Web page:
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Grab Bag from past issues 

O*NET goes "green"

The "green" landscape is still growing in the world of work. To keep up with this growth, the U.S. Department of Labor’s Occupational Information Network (O*NET) Resource Center now highlights the green economy.

The O*NET Resource Center ( provides online access to the O*NET database, career exploration tools, and more. In a downloadable report, green occupations are grouped into three categories: green increased demand occupations, green enhanced skills occupations, and green new and emerging occupations.

This new green focus has also been incorporated into O*NET OnLine, which gives jobseekers and career counselors a method for exploring detailed descriptions of work in green jobs. For example, in a new green occupations box on the O*NET OnLine home page, the Search button provides links for browsing occupations by sector, and the Learn More button links to information about green economy sectors, green occupations, ongoing activities, and online searches.

For details, see the O*NET Resource Center’s green economy information at or O*NET OnLine at

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2010 SOC available

Woman sitting in front of a computer.

Attention, occupational title enthusiasts: The 2010 Standard Occupational Classification (SOC) is here! The SOC is used by Federal statistical agencies and covers all jobs in the economy.

The 2010 SOC reflects updates and revisions to the 2000 SOC, which in turn reflect changes in the economy. Adding and combining occupational titles increased the number of detailed occupations from 821 to 840. Examples of new titles are Web developers, community health workers, hearing aid specialists, genetic counselors, and solar photovoltaic installers. (To learn more about the latter occupation, see "You’re a what? Solar photovoltaic installer," in the Fall 2009 OOQ and online at More than 450 definitions were revised, and 9 occupations shifted from one major group to another.

And as the economy evolves, further SOC updates will be necessary. Work on the 2018 SOC is expected to begin in 2013. Detailed information about the 2010 SOC system—including explanations of its structure, principles, coding guidelines, and the revision process—is available online at You may also contact the SOC Policy Committee, 2 Massachusetts Avenue NE., Suite 2135, Washington, D.C. 20212; call the SOC information line at (202) 691-6500; or email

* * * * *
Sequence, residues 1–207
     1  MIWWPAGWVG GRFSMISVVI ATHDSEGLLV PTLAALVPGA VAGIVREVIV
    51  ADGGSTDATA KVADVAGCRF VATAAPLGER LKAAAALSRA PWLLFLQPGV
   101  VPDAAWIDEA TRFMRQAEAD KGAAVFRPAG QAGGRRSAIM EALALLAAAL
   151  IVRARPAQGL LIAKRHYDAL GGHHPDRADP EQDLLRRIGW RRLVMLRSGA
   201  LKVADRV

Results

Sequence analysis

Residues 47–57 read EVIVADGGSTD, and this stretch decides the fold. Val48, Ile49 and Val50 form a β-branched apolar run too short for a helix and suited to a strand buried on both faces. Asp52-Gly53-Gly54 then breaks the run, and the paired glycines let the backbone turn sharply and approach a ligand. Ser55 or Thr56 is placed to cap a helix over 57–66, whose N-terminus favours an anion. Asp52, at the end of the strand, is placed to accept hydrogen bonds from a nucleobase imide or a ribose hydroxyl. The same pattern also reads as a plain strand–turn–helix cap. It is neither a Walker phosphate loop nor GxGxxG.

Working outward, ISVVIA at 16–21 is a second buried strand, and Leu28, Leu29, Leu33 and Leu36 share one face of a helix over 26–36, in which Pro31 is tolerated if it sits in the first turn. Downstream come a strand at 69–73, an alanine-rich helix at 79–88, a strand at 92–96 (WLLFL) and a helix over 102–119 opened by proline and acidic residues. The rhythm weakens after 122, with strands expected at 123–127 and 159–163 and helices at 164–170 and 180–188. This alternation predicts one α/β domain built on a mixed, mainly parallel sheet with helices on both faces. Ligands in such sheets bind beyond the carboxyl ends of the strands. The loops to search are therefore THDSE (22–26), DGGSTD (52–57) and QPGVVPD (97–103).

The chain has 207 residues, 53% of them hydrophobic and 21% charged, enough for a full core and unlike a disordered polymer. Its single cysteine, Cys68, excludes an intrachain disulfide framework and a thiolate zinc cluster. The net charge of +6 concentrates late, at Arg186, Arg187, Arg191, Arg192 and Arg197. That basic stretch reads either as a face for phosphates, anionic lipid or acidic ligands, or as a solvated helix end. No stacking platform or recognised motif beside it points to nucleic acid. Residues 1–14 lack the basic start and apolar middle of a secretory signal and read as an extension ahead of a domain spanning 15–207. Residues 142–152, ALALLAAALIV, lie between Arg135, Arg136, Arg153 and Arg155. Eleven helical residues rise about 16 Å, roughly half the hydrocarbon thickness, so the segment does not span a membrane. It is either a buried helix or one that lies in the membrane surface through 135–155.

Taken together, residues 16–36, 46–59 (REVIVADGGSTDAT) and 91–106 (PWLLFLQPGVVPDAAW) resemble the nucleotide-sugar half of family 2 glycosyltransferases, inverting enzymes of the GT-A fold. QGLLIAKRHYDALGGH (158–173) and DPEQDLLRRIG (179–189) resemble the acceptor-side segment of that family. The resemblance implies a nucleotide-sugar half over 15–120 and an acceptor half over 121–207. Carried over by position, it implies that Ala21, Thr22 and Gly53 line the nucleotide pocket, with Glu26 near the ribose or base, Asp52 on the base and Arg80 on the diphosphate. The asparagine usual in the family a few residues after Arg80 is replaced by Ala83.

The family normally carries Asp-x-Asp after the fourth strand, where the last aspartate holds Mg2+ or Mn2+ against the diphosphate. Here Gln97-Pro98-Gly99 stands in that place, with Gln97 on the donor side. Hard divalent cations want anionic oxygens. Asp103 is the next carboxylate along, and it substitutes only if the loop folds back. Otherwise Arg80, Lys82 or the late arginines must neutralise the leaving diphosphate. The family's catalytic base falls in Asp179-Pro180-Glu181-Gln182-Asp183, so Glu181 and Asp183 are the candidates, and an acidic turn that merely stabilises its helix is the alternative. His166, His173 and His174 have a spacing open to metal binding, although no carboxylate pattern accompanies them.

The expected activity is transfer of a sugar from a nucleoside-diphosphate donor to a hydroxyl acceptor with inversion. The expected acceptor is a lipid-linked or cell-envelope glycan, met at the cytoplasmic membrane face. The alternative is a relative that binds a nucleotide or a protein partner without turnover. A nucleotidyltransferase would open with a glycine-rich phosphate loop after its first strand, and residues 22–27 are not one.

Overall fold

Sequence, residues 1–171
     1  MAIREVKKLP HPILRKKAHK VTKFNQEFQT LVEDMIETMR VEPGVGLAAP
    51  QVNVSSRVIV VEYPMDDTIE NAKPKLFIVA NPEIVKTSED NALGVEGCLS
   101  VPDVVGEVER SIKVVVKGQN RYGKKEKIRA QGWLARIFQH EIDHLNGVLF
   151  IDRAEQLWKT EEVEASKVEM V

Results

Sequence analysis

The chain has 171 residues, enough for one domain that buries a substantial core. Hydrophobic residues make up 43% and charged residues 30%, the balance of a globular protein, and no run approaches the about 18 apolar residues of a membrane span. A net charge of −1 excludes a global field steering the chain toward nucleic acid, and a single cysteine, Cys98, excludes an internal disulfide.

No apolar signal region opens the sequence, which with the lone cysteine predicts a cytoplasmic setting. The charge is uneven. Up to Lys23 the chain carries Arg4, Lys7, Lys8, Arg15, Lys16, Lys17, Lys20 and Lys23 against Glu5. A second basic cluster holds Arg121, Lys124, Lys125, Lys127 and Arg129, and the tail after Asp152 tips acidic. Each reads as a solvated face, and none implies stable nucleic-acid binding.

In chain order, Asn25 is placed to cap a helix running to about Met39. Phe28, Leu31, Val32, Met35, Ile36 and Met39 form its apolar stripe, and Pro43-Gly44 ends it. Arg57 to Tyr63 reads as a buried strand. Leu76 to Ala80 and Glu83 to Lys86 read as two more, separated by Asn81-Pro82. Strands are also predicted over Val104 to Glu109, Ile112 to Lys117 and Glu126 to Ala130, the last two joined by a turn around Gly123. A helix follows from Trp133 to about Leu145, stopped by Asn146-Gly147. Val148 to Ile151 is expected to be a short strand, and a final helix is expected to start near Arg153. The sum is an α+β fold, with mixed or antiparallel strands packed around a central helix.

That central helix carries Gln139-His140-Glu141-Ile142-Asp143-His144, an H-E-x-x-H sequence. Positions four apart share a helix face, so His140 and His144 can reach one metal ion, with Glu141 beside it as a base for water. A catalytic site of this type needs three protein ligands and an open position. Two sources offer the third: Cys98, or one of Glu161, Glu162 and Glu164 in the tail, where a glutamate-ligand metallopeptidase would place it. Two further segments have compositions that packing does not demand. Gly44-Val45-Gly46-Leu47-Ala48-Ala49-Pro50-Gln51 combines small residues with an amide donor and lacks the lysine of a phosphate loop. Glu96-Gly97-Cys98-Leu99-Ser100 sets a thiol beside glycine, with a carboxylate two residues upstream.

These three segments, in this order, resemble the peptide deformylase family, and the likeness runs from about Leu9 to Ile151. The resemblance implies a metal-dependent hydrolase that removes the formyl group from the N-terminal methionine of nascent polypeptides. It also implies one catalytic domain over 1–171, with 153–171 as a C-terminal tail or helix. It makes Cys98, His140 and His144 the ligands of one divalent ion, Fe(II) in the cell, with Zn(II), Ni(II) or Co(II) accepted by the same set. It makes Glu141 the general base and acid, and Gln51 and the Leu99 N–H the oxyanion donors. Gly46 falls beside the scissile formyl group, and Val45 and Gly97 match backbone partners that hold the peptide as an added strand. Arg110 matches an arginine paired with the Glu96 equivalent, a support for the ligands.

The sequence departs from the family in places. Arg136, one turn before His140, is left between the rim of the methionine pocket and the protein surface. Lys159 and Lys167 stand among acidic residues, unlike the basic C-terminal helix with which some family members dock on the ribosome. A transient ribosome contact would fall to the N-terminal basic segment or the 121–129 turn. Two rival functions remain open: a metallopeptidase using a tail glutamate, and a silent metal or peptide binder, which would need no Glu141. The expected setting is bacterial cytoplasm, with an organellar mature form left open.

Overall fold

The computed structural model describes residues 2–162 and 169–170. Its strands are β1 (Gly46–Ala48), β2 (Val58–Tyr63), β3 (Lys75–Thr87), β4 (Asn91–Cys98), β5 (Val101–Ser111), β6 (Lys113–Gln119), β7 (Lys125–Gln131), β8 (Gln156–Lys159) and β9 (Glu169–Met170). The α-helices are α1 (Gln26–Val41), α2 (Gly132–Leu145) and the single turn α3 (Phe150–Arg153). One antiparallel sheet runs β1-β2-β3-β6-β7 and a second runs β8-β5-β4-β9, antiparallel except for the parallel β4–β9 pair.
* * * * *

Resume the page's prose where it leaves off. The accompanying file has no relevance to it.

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Job market looking up
for college grads?

Dollar bills folded into upward pointing arrows.

The college class of 2010 can be a little more hopeful about the job market. Recent results from a National Association of Colleges and Employers poll show improving expectations for recruiting and hiring college graduates over the next few months.

The poll measures fluctuations in employers’ short-term expectations for recruiting and hiring college grads. Each of the two activities receives its own score. Poll results are reported as a score between 0 and 200; scores below 100 indicate an expected drop in recruitment or hiring, a score of 100 indicates no expected change, and a score above 100 indicates an expected increase. The hiring score for December 2009 rose to about 98 from about 87 in October and November 2009. In addition, the recruiting activity score increased to about 95 in December—from about 90 in November and 93 in October.

For more information about this or other studies by the association, write to the National Association of Colleges and Employers, 62 Highland Avenue, Bethlehem, Pennsylvania 18017; call toll free, 1 (800) 544-5272; or visit its Web site,

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STEM opportunities through the
Energy Department

Students taking turns looking through a microscope.

If you want a career in science, technology, engineering, or math, take a look at what the U.S. Department of Energy has to offer. Its Office of Science Workforce Development for Teachers and Scientists provides opportunities to teachers and students of science, technology, engineering, and mathematics (STEM).

This development office offers several internships, fellowships, and programs. Each targets a different group of students and teachers. For example, paid internships for undergraduates place students in research laboratories; graduate and faculty fellowships provide financial support and professional development opportunities for STEM teachers and faculty; and activities for middle and high school students and teachers, such as the National Science Bowl, encourage scientific and technical study.

For information about these programs, including application procedures, write to the Office of Workforce Development for Teachers and Scientists, U.S. Department of Energy, 1000 Independence Avenue SW., Washington, D.C. 20585; call (202) 586-5000; email; or visit the office’s Web site online at

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U.S. Department of Labor
Bureau of Labor Statistics

Last Updated: June 11, 2010